Responding to the College’s encouragement that professors should work to accommodate students’ academic needs on an individual basis, McGovern said that “students should not be put in that position where you have to stand there and explain why you need a day off to your professor.”
“[The College is] once again saying to [students], ‘It’s on you’ to know exactly what you need, at a time when students shouldn’t have to know exactly what they need,” Briffault added.
According to McGovern, Dean of the College Kathryn Lively supported the resolution, but wrote to members of SA that she did not “have sway” over this decision. McGovern said that associate dean for student life Eric Ramsey, who advises SA, was also “a supporter” of the resolution.
Lawrence did not respond to a question about who made the ultimate decision to reject the resolution.
Additional photos obtained on the condition of anonymity depict red graffiti painted at various locations around campus early on Tuesday morning, including the words “3 deaths too many” and “involuntary medical leave is cruel” on Hanlon’s driveway on Webster Ave. “Paint is impermanent. Loss of life is forever” appeared on both Hanlon’s driveway and on the steps of Parkhurst Hall, which houses the office of the president. Red paint was also splattered on the steps leading up to Parkhurst, including tracked footprints.
“Intentional damage to personal or College property is prohibited under the College’s standards of conduct,” Lawrence wrote. “Vandalism to College buildings and public property is reported to the Hanover police.”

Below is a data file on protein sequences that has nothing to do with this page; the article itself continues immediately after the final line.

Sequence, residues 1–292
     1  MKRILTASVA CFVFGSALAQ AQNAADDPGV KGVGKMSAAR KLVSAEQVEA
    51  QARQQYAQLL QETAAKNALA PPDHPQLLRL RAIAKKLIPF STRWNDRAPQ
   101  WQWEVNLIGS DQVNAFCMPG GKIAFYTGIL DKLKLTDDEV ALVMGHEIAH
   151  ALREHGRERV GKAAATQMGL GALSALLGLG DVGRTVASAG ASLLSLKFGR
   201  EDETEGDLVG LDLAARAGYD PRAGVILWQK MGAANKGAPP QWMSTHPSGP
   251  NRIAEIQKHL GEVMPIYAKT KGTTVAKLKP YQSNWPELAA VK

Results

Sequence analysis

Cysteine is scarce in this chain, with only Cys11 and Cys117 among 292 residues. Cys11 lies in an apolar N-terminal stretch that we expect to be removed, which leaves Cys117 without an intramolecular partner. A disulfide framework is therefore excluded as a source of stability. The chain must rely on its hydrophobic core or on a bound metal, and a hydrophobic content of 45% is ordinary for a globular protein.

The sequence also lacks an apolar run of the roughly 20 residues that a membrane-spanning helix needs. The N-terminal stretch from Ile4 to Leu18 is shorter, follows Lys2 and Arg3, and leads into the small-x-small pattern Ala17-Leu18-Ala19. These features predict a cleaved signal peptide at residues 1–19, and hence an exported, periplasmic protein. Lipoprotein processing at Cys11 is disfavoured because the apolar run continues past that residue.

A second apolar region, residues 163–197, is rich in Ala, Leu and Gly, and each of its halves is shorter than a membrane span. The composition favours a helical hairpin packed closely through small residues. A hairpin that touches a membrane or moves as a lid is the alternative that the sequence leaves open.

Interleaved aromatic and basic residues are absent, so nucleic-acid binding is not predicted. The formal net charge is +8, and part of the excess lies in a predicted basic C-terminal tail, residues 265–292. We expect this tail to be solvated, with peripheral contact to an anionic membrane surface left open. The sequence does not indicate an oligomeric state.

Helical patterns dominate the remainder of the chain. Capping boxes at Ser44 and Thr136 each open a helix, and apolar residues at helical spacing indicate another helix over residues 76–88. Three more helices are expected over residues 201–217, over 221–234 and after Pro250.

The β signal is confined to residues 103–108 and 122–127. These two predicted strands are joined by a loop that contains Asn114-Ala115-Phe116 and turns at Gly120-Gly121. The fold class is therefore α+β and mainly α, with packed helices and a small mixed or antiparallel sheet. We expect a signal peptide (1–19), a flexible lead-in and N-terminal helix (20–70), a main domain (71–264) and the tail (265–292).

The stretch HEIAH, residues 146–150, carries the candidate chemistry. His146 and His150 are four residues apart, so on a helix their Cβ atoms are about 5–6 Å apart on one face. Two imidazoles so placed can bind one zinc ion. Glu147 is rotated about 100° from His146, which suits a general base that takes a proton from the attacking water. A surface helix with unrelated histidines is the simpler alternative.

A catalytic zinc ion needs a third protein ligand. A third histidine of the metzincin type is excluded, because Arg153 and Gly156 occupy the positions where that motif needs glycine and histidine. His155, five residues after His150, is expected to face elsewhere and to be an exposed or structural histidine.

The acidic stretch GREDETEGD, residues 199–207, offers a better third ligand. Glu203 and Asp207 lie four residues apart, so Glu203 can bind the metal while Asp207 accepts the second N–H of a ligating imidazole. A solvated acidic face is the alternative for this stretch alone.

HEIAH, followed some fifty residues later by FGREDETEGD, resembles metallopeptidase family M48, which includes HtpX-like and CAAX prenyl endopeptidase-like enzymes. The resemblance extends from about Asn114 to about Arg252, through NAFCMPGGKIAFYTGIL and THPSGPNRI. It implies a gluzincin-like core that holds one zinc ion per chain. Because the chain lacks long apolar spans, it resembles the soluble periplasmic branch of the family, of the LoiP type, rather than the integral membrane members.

At 5:21 a.m. on May 25, the Hanover police department received a call from Dartmouth Safety and Security reporting the graffiti, according to Hanover police chief Charlie Dennis. Dennis said that the Hanover police department did not have information that it was willing to release about potential suspects.
“[The graffiti] is under investigation at this point,” Dennis said. “We’ll see if we can gather some leads and information to help us solve the case.”
Dennis also noted that signs were found overlaying parking space signs on the side of Parkhurst “demanding meaningful change” and referencing “those that lost their lives this year.”
One such flyer, according to a photo obtained on condition of anonymity, demands that the College should not “just send [their] problems away,” referencing the College’s involuntary medical leave policy. The Dartmouth has not confirmed whether any of the students who died were put on involuntary medical leave.
The graffiti and signs have since been removed.
On Tuesday evening, the College held a vigil on the Green to “honor the losses of this past year.” Hundreds of students attended the vigil in what was likely the largest gathering of students since the start of the pandemic.
Kyle Mullins contributed reporting.